On April 2, 2021, New York Urban initiated new arbitration proceedings against BVU, alleging it is owed over $70 million for periodic inventory closings that have not occurred since the Purchase and Sale Agreement was terminated or that will not occur because of the termination. New York Urban also seeks over $50 million because, due to the Purchase and Sale Agreement’s termination, the closing on the management contract will not occur. BVU believes this new claim is without merit and is pursuing declaratory relief and claims based on breach of the parties settlement agreement. Both New York Urban’s claims and BVU’s claims for declaratory relief and breach of the settlement agreement are being heard by an arbitration panel, and BVU is vigorously defending against New York Urban’s claims. Discovery is ongoing.

On September 14, 2021, Tamarah and Emmanuel Louis, individually and on behalf of all others similarly situated, filed a purported class action lawsuit against BVU alleging it violated the Military Lending Act (“MLA”). The complaint alleges that BVU did not make any inquiry before offering financing to the plaintiffs as to whether they were members of the United States Military and allege other claims related to certain disclosures mandated by the MLA. BVU filed a motion to dismiss the complaint, and plaintiffs then filed an amended complaint on December 3, 2021. BVU believes that plaintiffs’ claims are without merit, has filed a motion to dismiss the amended complaint, and is vigorously defending the action.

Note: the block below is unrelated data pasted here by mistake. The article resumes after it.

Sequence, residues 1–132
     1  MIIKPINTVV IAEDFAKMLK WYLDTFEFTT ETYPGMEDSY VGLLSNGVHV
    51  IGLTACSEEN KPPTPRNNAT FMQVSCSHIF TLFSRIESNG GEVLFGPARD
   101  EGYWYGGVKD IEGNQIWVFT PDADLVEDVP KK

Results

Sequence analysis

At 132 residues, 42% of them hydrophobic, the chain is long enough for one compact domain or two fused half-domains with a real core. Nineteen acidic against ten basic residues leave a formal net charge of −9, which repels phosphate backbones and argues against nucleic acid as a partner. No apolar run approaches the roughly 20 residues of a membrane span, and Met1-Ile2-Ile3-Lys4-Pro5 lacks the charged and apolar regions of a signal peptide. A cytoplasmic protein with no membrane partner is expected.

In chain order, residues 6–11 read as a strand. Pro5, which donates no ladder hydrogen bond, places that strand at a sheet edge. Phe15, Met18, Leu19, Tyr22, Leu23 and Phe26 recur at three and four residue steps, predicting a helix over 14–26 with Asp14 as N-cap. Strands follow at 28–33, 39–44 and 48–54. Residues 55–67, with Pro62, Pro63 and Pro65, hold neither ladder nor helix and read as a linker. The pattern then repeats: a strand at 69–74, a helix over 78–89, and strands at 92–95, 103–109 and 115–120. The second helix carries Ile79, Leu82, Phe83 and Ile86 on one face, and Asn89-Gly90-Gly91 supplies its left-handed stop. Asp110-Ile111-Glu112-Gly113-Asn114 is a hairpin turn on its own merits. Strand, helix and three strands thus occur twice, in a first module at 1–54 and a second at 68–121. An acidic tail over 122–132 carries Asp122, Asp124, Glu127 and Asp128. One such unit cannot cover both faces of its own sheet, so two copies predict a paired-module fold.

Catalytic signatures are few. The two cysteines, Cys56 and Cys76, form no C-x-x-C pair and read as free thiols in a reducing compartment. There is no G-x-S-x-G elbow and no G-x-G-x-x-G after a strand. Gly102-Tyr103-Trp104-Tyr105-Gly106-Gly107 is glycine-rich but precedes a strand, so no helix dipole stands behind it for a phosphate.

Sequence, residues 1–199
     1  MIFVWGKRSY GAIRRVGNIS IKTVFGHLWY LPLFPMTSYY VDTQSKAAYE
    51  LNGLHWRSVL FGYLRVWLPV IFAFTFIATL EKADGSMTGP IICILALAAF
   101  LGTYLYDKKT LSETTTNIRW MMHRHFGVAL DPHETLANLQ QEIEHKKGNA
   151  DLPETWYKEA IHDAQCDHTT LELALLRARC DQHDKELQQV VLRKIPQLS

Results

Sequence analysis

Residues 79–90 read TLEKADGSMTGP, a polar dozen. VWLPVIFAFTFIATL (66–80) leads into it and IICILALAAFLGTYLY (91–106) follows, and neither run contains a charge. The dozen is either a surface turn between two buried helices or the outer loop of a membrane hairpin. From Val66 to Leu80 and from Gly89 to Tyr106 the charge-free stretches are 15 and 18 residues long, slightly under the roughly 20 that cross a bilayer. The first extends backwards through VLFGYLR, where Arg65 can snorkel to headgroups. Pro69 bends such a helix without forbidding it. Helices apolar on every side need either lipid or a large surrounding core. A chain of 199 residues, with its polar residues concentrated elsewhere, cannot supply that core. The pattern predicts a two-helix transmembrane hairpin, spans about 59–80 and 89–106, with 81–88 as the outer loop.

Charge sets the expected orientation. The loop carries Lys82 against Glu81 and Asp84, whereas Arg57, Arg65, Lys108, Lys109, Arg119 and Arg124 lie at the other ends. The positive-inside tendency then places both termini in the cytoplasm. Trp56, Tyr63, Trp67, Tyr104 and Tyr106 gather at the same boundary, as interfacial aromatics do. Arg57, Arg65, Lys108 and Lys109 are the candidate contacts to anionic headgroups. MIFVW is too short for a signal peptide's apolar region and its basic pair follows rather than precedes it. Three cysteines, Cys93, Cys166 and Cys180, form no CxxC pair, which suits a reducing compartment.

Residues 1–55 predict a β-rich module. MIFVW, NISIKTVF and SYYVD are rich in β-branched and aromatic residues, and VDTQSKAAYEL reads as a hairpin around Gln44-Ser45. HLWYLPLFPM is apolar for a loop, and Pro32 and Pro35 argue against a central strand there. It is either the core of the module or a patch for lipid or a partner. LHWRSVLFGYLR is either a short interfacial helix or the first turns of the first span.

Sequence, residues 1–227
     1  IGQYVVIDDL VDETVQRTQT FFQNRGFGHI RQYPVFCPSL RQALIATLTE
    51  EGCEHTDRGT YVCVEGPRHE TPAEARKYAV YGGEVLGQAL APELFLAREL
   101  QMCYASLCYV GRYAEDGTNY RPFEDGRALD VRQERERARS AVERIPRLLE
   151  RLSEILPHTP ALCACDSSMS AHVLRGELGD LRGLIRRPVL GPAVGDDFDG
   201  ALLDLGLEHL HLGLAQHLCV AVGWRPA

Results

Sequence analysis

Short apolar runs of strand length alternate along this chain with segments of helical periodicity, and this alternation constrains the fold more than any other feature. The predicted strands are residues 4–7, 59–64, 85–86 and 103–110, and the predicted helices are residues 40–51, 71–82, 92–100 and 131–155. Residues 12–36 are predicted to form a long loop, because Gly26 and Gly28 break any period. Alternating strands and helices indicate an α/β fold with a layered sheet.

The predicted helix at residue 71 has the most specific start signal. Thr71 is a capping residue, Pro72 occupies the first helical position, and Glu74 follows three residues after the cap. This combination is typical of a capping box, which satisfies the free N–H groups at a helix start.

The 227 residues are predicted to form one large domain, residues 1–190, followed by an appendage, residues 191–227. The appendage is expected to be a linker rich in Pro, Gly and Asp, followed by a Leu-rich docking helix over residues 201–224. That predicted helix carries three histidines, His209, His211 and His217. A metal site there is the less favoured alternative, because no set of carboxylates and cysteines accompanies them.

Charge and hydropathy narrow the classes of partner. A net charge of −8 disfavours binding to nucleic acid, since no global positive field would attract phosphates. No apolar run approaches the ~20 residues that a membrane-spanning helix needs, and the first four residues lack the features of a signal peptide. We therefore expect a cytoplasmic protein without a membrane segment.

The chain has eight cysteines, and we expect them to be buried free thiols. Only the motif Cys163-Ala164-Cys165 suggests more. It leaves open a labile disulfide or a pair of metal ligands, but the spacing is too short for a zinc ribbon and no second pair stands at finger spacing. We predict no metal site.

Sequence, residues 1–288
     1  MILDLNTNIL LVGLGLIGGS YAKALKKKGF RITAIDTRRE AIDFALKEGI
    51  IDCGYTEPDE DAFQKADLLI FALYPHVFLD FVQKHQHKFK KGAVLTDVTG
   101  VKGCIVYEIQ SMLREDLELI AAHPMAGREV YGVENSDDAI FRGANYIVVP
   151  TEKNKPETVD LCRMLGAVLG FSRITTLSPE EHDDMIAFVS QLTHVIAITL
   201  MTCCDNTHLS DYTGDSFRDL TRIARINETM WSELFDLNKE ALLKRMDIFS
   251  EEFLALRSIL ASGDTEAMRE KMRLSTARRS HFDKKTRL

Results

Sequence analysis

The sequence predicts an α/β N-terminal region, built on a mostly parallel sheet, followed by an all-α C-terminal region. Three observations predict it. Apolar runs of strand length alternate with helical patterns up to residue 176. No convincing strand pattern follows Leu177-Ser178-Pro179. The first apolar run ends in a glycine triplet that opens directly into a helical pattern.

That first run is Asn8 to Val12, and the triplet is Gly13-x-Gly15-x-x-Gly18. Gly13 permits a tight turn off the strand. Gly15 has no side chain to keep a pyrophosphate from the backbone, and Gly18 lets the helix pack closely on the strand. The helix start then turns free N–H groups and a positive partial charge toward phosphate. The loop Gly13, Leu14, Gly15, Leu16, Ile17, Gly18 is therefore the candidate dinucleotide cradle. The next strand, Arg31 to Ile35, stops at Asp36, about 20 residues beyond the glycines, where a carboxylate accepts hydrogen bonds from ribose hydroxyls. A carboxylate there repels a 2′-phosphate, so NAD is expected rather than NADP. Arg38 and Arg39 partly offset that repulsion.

Commencing in 2015, it came to Bluegreen’s attention that its collection efforts with respect to its VOI notes receivable were being impacted by a then emerging, industry-wide trend involving the receipt of  “cease and desist”